Over at The Constant Media we’ve been working on a project that relies on using PHP to connect to a customers SYBASE database. Essentially they have a proprietary system in place that manages many key aspects of their business and their website, as a key sales channel, needs to interact with it.

If you are pretty confident with linux and don't want to work your way though this there is a command list gist here.

SYBASE is not something we had come across before, and whilst the actual PHP code it’s self isn’t all that tricky to implement, getting SYBASE and it’s dependencies compiled into PHP can be a little fiddly. Below is a step-by-step of how we did this. It’s based around CentOS (our server OS of choice) but should be fairly transferable.

Before I go to far into this i should point out that much of the credit due goes to @andrew_heron, my business partner at The Constant Media, who did much of the hard work and leg work on this project and the initial server builds. I really only got involved when we came to build the production and staging servers and made the server a little more production ready.

The first thing to point out is that to do this you need to compile PHP from the source code and cannot (to my knowledge) do this though yum. We are running this on a CentOS 6 box which was vanilla at the point of install. If you have PHP installed at the moment (though rpm’s or yum) scrub it off before wading in.

Frist, lets update the box and install a few pre-requisites. Because we are compiling from source we are going to need a few dev libraries too (devels). As root or sudo if you prefer:

$ yum install gcc openssl-devel pcre-devel libxml2-devel httpd httpd-devel mod_ssl libcurl-devel libpng-devel
$ yum groupinstall "Development Tools"

Installing FreeTDS
SYBASE has a dependency on FreeRDS to so we need to start by downloading, configuring and installing this. All source files are going to be stored in /usr/src throughout.

Note: Some of these version may be out of date when you get to it so you may need to adapt things a little to accommodate this.

Download and unpack FreeTDS:
$ cd /usr/src
$ wget ftp://ftp.freetds.org/pub/freetds/stable/freetds-patched.tar.gz
$ tar -zxvf freetds-*
$ rm -rf freetds-*.tar.gz
$ cd freetds-*

Next we configure FreeTDS, specifying the path where we whish to install it. Once configured we can ‘make’ and install the package. Watch for errors at each stage and rectify any that occur before proceeding.

$ ./configure --prefix=/usr/local/freetds
$ make
$ make install

Installing APR & APR-Util
The next dependencies needed are APR and APR-Util.

APR
$ cd /usr/src
$ wget http://apache.mirror.anlx.net/apr/apr-1.5.2.tar.gz
$ tar -zxvf apr-*
$ rm -rf apr-*.tar.gz
$ cd apr-*

Again configure and install, making sure to fix any errors as you go:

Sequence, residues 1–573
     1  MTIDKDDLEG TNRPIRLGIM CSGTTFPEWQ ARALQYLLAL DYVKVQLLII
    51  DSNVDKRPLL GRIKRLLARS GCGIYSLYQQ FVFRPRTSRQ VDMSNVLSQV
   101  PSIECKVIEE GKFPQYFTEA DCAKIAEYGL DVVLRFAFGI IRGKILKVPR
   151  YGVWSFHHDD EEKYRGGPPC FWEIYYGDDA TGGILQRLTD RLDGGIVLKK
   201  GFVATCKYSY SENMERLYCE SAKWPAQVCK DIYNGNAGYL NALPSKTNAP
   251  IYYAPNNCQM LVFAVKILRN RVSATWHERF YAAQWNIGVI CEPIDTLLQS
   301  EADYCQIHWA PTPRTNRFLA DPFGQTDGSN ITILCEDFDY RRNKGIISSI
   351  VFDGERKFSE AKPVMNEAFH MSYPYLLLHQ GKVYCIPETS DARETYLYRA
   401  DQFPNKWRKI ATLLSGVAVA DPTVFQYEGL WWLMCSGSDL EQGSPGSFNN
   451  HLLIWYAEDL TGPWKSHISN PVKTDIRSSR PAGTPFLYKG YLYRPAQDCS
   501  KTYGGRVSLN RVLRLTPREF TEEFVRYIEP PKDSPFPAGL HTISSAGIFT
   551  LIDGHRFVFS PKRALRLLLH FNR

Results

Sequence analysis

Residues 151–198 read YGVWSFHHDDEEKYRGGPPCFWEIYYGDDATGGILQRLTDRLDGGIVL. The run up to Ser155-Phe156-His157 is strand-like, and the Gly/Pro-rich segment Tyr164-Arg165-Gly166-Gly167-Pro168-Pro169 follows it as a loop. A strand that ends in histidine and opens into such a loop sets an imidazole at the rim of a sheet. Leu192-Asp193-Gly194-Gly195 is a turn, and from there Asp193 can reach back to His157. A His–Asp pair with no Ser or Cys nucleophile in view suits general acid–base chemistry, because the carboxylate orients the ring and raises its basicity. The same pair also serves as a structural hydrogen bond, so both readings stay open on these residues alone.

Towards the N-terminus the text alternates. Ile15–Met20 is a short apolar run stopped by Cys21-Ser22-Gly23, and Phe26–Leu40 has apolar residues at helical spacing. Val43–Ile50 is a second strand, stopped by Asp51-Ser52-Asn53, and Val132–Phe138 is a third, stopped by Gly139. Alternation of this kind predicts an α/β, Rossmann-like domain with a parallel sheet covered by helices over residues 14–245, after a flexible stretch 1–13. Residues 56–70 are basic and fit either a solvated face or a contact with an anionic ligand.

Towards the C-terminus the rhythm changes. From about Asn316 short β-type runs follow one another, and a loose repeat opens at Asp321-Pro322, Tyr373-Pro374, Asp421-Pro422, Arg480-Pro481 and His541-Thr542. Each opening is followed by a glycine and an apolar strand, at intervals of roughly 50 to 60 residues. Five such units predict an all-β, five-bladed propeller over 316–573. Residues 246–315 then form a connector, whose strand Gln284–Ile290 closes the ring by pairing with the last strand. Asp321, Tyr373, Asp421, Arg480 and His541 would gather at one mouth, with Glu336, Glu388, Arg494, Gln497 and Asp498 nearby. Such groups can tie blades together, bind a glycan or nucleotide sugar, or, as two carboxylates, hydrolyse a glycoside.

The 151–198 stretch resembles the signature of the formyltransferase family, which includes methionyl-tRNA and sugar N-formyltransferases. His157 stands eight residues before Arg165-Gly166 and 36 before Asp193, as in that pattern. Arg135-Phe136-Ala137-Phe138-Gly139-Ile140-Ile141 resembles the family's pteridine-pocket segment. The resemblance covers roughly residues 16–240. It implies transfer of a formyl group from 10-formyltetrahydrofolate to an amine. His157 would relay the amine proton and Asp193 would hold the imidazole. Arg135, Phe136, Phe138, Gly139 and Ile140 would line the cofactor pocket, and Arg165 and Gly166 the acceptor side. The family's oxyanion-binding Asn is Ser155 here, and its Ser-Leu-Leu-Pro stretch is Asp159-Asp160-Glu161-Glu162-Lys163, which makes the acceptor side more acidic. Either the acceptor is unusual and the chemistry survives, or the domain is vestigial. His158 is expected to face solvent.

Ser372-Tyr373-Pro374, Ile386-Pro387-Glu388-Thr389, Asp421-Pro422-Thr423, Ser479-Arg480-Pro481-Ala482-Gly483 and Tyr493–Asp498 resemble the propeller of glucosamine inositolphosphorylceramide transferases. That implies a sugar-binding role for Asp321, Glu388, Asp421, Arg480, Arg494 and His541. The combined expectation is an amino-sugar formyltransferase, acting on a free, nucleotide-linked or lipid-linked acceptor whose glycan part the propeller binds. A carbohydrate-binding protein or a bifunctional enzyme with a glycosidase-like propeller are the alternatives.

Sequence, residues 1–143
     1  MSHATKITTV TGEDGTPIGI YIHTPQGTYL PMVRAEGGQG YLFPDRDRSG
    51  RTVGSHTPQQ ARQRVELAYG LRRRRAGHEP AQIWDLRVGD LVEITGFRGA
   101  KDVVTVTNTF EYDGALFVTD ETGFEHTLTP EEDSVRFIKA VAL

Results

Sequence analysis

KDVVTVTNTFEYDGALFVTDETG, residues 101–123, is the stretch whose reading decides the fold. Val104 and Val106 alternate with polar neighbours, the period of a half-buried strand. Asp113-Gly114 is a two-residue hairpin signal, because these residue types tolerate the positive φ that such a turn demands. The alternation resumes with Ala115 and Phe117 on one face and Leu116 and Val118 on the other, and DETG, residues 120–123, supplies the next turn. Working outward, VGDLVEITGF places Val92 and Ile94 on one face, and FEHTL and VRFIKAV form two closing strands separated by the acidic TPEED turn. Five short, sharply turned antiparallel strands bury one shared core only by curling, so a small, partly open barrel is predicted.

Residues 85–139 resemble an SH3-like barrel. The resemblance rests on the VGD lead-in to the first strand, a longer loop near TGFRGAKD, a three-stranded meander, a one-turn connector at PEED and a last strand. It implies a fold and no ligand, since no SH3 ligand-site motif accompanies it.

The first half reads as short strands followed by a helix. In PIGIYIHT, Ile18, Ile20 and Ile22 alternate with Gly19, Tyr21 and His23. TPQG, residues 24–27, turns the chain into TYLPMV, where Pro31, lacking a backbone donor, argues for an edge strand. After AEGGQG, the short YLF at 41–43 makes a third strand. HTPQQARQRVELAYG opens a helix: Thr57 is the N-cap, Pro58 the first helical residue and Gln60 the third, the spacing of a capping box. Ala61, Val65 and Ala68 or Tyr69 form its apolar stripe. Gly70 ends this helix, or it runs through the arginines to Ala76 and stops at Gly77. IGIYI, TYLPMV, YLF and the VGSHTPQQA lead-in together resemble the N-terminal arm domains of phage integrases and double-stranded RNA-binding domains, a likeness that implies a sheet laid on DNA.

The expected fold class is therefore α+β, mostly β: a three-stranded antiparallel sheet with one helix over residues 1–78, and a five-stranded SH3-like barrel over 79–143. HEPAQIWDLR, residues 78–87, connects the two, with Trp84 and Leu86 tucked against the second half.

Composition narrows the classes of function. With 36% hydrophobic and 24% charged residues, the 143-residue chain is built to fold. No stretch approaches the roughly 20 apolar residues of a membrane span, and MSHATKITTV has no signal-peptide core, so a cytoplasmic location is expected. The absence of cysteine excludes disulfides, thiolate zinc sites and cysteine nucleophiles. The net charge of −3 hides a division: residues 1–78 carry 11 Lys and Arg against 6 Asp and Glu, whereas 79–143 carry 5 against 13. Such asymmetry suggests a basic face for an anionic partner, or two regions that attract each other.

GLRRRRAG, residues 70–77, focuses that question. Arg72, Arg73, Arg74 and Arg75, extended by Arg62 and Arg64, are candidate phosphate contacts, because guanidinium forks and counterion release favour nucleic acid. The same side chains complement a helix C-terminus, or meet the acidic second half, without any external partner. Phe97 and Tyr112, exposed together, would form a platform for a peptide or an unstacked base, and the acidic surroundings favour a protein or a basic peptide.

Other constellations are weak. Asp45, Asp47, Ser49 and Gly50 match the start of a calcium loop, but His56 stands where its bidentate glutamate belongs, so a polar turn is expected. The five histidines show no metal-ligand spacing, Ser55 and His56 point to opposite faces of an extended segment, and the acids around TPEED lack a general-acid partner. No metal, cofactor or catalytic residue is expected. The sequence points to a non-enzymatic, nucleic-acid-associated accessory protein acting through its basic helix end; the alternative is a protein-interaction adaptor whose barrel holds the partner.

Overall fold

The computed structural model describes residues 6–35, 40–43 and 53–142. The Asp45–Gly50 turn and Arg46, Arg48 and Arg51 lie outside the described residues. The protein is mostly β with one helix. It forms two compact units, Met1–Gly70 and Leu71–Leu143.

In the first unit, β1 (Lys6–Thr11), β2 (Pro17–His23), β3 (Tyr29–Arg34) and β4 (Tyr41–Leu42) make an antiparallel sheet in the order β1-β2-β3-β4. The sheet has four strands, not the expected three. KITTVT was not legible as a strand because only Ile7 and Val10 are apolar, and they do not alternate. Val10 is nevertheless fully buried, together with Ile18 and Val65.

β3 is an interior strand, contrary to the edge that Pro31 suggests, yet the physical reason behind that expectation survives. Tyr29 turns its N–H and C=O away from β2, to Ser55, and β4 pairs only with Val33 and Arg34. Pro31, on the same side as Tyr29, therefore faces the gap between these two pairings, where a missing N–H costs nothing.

$ ./configure
$ make
$ make install

APR-Util
$ cd /usr/src
$ wget http://apache.mirror.anlx.net//apr/apr-util-1.5.4.tar.gz
$ tar -zxvf apr-util-1.5.4.tar.gz
$ rm -rf apr-util-1.5.4.tar.gz
$ cd apr-util-1.5.4/

Configure and install.
$ ./configure --with-apr=/usr/local/apr
$ make
$ make install

If you have any other dependencies outside the norm then now’s the time to go install them.

Downloading and installing PHP
We’ve chosen to run with PHP 5.6 as we feel it will be secure and stable enough in our environment. If you need an earlier or later version the principles should be the same, just insert it into the wget below.

$ cd /usr/src
$ wget http://uk1.php.net/get/php-5.6.8.tar.gz
$ mv mirror php-5.6.8.tar.gz
$ tar -zxvf php-5.6.8.tar.gz
$ rm -rf php-5.6.8.tar.gz
$ cd php-5.6.8

The next command is the most important, and most problematic stage of the install. We have chosen some pretty standard includes (php-mysql, php-mysqli, php-mbstring, php-pdo, php-gd and php-curl) but if you need more just add them in.

For the SYSBASE extension to function you need to specify the path to your FreeTDS install. This is the path you specified above in the –prefix flag. As the Apache install is pretty standard we’ve chosen to install this via yum (to keep things simple). For this to work though you need to make sure that httpd-devel is installed (the httpd dev library installed above) and know the path to apxs which comes as part of that library. By standard apxs is located at /usr/sbin/apxs but if by chance it’s not there you should be able to find it with a find ‘find / -name ‘apxs”. If that doesn’t return the path then you probably haven’t installed httpd-devel correctly.

The last peramiter we’ve added is –with-config-file-path. This is where your php.ini file will live – we’ve specified this as /etc/php.ini as it’s a fairly standard and thus makes it easier for others to find.

Once you have adjusted this command to your needs keep a record of it somewhere safe as you will need to re-run it should you ever need to add more modules or upgrade PHP.

$ ./configure --with-sybase_ct=/usr/local/freetds --with-apxs2=/usr/sbin/apxs --with-mysql --with-mysqli --enable-mbstring --with-pdo-mysql --with-openssl --with-curl --with-gd --with-config-file-path=/etc/php.ini

Assuming no errors where returned by the command above you can now make and install PHP:
$ make
$ make test
$ make install

If you need a template php.ini you can normally find one in/usr/src/php-yourversion/php.ini-development. Failing that just grab one off the web.

PHP should now be installed and working. Running php -v will confirm this for you and you can check the version installed matches your expectations.

Linking PHP & Apache
Lastly, you’ll want to let apache know about your PHP install. To do this just add the following into /etc/httpd/conf/httpd.conf

#
#   Enable PHP
#
AddType  application/x-httpd-php         .php

It’s also worth adding index.php to the list of accepted index files.

Restart httpd and you should be good to go. Place a phpinfo() file on your server, scan down the list and you should see sybase listed.

$ service httpd start